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Click on the image to see the Member List and an interactive map about the network. The blue pins represent the state- and territory-level members. The red pins indicate the enrolled towns, cities and counties.
That’s why AARP staff and volunteers are working throughout the nation to engage and mobilize communities, share expertise, and deliver technical assistance to the towns, cities, counties and states in the AARP Network of Age-Friendly States and Communities.
Go ahead and take a look at The Member List now. Then come back to this page.
The work that happens within the network — which is a program within the larger AARP Livable Communities initiative — is hands-on and locally determined and directed. The common thread among the enrolled communities and states is the belief that the places where we live are more livable, and better able to support people of all ages, when local leaders commit to improving the quality of life for the very young, the very old, and everyone in between.
AARP engages with elected officials, partner organizations and local leaders to guide communities through the age-friendly network’s assessment, planning, implementation and evaluation processes.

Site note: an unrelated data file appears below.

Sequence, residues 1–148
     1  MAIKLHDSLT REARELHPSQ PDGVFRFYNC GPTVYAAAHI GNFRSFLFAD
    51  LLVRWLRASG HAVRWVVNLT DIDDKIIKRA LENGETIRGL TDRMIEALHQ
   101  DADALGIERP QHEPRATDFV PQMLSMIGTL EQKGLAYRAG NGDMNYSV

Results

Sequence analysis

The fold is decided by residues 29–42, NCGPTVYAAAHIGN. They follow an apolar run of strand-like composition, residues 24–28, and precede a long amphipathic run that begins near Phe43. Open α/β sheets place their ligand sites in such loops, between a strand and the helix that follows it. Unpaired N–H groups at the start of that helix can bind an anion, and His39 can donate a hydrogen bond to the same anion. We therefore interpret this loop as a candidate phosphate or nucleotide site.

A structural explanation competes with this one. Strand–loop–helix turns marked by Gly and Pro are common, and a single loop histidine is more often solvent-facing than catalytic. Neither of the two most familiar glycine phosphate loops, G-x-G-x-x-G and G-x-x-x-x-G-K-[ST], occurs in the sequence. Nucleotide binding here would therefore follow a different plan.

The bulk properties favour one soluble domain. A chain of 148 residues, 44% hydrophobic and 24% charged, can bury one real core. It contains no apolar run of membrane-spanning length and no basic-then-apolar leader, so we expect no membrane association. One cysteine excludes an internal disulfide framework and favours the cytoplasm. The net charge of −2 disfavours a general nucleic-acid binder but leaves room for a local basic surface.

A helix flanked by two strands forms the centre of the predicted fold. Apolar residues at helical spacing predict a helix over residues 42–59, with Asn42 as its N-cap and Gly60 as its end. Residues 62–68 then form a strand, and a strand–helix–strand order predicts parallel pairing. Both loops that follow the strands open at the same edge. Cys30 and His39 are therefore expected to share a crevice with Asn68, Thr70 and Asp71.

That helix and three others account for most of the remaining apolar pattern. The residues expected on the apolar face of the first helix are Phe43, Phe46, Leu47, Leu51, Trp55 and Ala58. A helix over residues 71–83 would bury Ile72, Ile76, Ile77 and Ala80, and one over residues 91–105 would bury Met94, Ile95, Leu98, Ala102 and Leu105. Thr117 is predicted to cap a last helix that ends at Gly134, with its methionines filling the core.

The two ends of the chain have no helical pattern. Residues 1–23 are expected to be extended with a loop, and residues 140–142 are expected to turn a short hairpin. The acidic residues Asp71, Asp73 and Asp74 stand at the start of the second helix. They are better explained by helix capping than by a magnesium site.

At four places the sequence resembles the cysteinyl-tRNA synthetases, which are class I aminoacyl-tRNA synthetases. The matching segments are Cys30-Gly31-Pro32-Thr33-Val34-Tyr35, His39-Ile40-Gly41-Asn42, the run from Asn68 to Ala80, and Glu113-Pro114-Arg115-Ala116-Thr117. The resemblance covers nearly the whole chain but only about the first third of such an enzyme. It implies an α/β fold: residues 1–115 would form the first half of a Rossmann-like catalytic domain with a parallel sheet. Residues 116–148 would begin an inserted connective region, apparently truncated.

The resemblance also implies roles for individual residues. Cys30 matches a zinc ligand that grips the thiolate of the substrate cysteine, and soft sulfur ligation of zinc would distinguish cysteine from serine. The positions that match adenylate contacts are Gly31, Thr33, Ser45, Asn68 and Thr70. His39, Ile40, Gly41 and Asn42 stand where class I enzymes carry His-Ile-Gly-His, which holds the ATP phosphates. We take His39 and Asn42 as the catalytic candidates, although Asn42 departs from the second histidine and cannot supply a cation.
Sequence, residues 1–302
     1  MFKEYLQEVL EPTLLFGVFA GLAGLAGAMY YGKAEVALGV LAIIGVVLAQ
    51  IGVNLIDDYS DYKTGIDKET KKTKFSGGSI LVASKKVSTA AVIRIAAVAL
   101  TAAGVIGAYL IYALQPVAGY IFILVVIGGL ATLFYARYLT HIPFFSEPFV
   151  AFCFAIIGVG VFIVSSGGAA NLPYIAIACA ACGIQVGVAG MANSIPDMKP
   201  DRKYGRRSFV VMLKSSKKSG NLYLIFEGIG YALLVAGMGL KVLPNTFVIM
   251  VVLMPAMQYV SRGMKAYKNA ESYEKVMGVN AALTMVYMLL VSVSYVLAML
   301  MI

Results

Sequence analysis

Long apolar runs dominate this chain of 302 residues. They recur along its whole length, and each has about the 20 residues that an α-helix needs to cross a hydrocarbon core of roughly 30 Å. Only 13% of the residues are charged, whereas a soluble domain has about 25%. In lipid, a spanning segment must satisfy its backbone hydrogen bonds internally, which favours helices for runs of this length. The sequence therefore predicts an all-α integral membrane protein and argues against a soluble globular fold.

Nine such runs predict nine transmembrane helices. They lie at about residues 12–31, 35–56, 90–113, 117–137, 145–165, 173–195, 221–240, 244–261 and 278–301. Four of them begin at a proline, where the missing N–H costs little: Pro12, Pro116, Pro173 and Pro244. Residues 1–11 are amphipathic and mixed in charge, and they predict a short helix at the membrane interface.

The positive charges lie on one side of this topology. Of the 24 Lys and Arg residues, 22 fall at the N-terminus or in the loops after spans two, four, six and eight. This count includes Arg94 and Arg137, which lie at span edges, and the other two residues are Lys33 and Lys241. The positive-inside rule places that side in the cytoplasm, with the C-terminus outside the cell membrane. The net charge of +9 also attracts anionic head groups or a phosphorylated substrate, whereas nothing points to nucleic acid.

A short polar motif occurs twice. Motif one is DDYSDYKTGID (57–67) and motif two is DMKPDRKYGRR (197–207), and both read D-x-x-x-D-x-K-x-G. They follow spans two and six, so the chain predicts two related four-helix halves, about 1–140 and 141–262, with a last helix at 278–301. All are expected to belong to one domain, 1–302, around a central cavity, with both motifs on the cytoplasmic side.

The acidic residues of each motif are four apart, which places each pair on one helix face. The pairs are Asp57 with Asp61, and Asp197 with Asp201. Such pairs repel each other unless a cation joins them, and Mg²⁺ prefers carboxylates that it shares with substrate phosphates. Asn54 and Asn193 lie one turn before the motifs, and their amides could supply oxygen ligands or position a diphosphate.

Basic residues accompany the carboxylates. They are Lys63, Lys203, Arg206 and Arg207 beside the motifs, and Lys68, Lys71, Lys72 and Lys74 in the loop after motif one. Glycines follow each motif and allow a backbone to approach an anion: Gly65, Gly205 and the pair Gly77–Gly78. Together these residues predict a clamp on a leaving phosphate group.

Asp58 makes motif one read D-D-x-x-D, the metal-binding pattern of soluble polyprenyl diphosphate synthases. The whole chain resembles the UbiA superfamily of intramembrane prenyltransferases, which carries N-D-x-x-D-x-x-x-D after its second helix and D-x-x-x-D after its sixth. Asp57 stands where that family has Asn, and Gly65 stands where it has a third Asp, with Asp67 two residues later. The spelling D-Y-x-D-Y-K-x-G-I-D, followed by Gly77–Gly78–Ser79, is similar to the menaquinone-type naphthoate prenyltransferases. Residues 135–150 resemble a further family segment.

People of all ages benefit from the adoption of policies and programs that make neighborhoods walkable, feature transportation options, enable access to key services, provide opportunities to participate in community activities, and support housing that’s affordable and adaptable. Well-designed, age-friendly communities foster economic growth and make for happier, healthier residents of all ages.
The AARP Network of Age-Friendly States and Communities was established in April 2012 as an affiliate of the World Health Organization Global Network for Age-Friendly Cities and Communities. Find this page again by using the URL AARP.org/AgeFriendly.
Interviews with Livability Experts
Interviews with Local Leaders
Livable Lessons and How To's
Placemaking and Public Spaces
Surveys and Statistics
Workshops and Conferences
Find articles, publications and more
See past issues: Visit our newsletter archive »
See the complete list at AARP.org/LivableLibrary
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